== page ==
Resolved, That the gentlemen who are appointed to go into Canada, be desired to enquire into the cause of the imprisonment of the officers of Militia,2 in that country and others, and take such measures in concert with the commanding officer of the continental forces there, for their enlargement or confinement, as are consistent with the principles of justice, and the safety of the United Colonies.

That the provisions made by General Lee and General Schuyler to supply the army in Canada with pork, the direction given by General Lee to have wheat ground into flour for their use, and his contract with the company of carpenters, be approved of; and that Mr. Peter Zabriskie, of Hackinsack, be employed to transport the pork, to be procured in New Jersey, to Hudson's river, according to General Schuyler's desire.

That when the articles specified, in the rations allowed to the prisoners of war, cannot be procured, the persons who supply them with other provisions, be entitled to eight pence, of New York currency, or one-twelfth of a dollar3 for every prisoner per day:

That Indians be not employed as soldiers in the armies of the United Colonies, before the tribes to which they belong shall, in a na-6tional council, held in the customary manner, have consented thereunto, nor then, without express approbation of Congress.

That General Schuyler be directed to provide such a number of batteaus for the service in Canada, as shall be sufficient for it.

That General Schuyler be desired to purchase the cloth, which Mr. John Henry, of Albany, hath for tents.

That the committee of inspection and observation for the city and liberties of Philadelphia, be desired to collect all the gold and silver coin they can, to be exchanged for continental bills of credit,4 for the service of Canada.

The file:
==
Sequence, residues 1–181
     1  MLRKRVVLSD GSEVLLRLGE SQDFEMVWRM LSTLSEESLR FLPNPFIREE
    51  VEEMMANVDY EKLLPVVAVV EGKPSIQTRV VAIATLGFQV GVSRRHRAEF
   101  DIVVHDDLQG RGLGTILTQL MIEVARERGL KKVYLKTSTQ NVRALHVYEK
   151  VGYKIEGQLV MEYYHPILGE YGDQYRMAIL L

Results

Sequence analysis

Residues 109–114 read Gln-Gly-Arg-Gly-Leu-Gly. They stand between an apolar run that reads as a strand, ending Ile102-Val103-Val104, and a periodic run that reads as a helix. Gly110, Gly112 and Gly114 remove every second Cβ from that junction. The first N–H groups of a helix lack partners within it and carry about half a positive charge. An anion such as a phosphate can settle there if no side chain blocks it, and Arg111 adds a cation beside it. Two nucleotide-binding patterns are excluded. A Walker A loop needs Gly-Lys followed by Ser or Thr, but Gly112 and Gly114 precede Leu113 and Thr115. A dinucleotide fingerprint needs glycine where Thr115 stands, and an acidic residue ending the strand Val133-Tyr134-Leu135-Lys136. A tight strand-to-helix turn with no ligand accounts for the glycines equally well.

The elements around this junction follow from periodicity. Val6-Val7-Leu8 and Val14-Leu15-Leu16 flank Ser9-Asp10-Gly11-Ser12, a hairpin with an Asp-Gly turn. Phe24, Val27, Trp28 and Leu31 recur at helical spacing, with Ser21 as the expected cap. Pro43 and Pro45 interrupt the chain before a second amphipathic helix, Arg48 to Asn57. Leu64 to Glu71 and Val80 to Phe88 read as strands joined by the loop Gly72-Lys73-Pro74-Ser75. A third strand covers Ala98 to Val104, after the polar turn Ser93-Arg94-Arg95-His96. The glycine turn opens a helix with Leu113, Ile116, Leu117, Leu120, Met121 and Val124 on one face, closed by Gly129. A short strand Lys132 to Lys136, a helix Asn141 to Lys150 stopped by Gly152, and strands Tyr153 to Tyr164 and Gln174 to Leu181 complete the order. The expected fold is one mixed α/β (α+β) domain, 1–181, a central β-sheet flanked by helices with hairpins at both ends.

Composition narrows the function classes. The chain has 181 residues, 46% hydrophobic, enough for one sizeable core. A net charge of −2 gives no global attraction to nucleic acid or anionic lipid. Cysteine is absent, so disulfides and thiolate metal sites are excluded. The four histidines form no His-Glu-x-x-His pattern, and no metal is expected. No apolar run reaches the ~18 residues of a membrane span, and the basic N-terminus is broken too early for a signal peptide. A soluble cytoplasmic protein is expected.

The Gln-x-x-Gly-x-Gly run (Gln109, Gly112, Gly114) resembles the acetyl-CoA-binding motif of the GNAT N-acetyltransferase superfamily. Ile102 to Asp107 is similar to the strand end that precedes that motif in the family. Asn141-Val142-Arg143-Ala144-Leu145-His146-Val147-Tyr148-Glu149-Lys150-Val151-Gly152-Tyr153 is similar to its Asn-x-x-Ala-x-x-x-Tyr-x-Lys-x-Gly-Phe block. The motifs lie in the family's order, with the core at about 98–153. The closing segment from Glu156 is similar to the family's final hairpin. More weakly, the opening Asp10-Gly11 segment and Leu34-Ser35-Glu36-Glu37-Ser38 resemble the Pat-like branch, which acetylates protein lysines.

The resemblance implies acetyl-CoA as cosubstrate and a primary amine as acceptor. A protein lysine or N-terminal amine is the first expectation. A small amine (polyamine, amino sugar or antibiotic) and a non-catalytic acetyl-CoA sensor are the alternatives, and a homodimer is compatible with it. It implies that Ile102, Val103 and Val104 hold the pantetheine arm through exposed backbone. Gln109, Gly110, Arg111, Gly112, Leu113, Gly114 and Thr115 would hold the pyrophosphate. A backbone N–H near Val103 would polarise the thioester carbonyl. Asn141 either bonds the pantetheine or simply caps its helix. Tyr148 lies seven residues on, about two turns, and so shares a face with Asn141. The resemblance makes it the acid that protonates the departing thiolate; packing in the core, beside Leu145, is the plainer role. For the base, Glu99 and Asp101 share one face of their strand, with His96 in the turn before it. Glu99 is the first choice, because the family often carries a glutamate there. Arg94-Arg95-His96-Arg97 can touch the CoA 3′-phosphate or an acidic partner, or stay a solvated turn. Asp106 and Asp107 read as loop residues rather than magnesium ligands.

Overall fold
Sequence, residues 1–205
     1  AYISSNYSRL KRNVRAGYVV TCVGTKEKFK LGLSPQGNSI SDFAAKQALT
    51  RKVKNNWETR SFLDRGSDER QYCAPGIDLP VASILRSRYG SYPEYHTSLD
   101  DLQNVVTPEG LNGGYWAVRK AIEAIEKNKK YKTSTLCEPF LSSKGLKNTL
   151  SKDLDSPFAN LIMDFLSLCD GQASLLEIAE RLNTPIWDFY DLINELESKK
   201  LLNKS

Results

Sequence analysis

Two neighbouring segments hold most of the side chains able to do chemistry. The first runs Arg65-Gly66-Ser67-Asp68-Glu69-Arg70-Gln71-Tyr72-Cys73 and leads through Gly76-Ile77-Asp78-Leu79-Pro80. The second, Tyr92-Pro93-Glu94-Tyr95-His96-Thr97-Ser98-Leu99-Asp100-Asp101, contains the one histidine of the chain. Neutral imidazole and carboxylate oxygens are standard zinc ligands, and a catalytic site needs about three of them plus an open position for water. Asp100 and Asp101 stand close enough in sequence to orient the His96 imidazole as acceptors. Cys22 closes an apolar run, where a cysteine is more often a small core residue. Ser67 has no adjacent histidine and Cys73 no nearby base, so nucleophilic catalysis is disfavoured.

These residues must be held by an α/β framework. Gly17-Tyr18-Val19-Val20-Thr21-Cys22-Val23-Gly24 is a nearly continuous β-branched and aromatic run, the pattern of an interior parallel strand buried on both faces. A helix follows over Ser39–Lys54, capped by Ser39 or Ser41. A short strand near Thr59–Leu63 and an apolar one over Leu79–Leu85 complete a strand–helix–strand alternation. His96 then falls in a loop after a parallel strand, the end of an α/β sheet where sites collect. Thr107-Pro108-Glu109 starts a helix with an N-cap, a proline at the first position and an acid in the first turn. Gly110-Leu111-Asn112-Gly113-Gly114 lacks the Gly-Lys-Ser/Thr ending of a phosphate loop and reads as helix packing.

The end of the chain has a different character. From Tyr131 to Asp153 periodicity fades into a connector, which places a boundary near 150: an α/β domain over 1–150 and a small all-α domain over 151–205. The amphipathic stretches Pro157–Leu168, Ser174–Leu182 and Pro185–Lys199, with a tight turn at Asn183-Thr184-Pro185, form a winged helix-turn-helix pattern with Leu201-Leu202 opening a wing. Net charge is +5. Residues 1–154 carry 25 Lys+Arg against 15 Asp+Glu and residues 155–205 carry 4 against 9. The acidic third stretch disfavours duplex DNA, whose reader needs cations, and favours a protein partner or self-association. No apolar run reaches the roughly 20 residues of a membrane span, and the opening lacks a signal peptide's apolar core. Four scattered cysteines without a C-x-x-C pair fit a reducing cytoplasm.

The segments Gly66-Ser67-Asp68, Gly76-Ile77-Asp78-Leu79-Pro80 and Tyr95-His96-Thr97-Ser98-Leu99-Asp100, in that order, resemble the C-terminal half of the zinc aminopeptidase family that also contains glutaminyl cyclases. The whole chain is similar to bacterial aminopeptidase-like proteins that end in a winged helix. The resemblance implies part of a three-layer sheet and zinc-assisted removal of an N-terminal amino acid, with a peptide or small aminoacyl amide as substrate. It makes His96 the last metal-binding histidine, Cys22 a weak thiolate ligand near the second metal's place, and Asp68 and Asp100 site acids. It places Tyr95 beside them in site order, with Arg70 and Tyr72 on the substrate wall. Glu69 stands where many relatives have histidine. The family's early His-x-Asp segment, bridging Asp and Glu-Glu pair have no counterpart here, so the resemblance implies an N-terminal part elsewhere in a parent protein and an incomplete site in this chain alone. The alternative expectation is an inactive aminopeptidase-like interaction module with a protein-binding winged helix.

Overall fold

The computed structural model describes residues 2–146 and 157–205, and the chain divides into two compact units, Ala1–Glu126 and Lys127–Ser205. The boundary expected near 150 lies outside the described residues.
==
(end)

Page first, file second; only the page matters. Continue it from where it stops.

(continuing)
Reprinted from ( JCC , 4:191–192); Dft not found.


On 4 March the following letters were referred to the committee elected to prepare instructions to the Commissioners to Canada, which had been chosen on 17 Feb., and which was composed of JA, George Wythe, and Roger Sherman: from Gen. Wooster, of 11 Feb. (with enclosures) and 13 Feb.; from Gen. Arnold, of 1 and 12 Feb.; from Gen. Schuyler, of 15, 20, 21, and 23 Feb.; from the New Hampshire Convention, of 8 Feb.; and from Gen. Lee, of 29 Feb. On 8 March the committee brought in its report, and the congress passed the resolutions reprinted here ( JCC , 4:159, 182–183, 190–192). As chairman, JA presented the committee's report, and, according to Richard Smith's Diary, “a long Altercation followed on the first Article of a Report made by John Adams for reconciling the Differences between the Generals Schuyler and Wooster. The Article was at last voted out and other Parts of the Report adopted” (Burnett, ed., Letters of Members , 1:382–383). The bad feeling between Schuyler and Wooster had persisted for months; its latest manifestation was Wooster's objection to Schuyler's sending back to Canada for what he called humanitarian reasons prisoners of war whom Wooster regarded as dangerous to the American cause. This disagreement provoked disputes over the two generals' interpretations of the kind of orders Schuyler could properly give to Wooster, a commander in the field. For their letters see Force, Archives , 4th ser., 4:851–852, 1001–1004, 1007–1008.


See Instructions to the Commissioners to Canada, No. III, note 5 (below).


This phrase giving the equivalent in dollars of New York currency was taken by Editor Ford from the “Corrected Journal.”


Ford supplied “of credit” from the “Corrected Journal.”